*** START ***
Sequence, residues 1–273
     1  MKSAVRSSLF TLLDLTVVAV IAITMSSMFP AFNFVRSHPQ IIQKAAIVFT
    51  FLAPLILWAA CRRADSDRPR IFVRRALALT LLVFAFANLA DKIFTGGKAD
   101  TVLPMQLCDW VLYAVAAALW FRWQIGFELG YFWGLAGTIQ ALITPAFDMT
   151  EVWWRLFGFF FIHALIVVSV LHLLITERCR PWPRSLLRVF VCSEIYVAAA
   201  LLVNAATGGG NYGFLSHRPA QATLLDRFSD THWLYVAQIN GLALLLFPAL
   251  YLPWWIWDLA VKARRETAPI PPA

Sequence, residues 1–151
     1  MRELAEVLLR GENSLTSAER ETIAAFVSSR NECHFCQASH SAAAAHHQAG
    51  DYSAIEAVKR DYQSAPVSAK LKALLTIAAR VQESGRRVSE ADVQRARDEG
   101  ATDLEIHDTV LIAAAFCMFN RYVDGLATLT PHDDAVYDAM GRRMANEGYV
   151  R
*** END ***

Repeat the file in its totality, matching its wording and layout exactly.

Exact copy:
Sequence, residues 1–273
     1  MKSAVRSSLF TLLDLTVVAV IAITMSSMFP AFNFVRSHPQ IIQKAAIVFT
    51  FLAPLILWAA CRRADSDRPR IFVRRALALT LLVFAFANLA DKIFTGGKAD
   101  TVLPMQLCDW VLYAVAAALW FRWQIGFELG YFWGLAGTIQ ALITPAFDMT
   151  EVWWRLFGFF FIHALIVVSV LHLLITERCR PWPRSLLRVF VCSEIYVAAA
   201  LLVNAATGGG NYGFLSHRPA QATLLDRFSD THWLYVAQIN GLALLLFPAL
   251  YLPWWIWDLA VKARRETAPI PPA

Sequence, residues 1–151
     1  MRELAEVLLR GENSLTSAER ETIAAFVSSR NECHFCQASH SAAAAHHQAG
    51  DYSAIEAVKR DYQSAPVSAK LKALLTIAAR VQESGRRVSE ADVQRARDEG
   101  ATDLEIHDTV LIAAAFCMFN RYVDGLATLT PHDDAVYDAM GRRMANEGYV
   151  R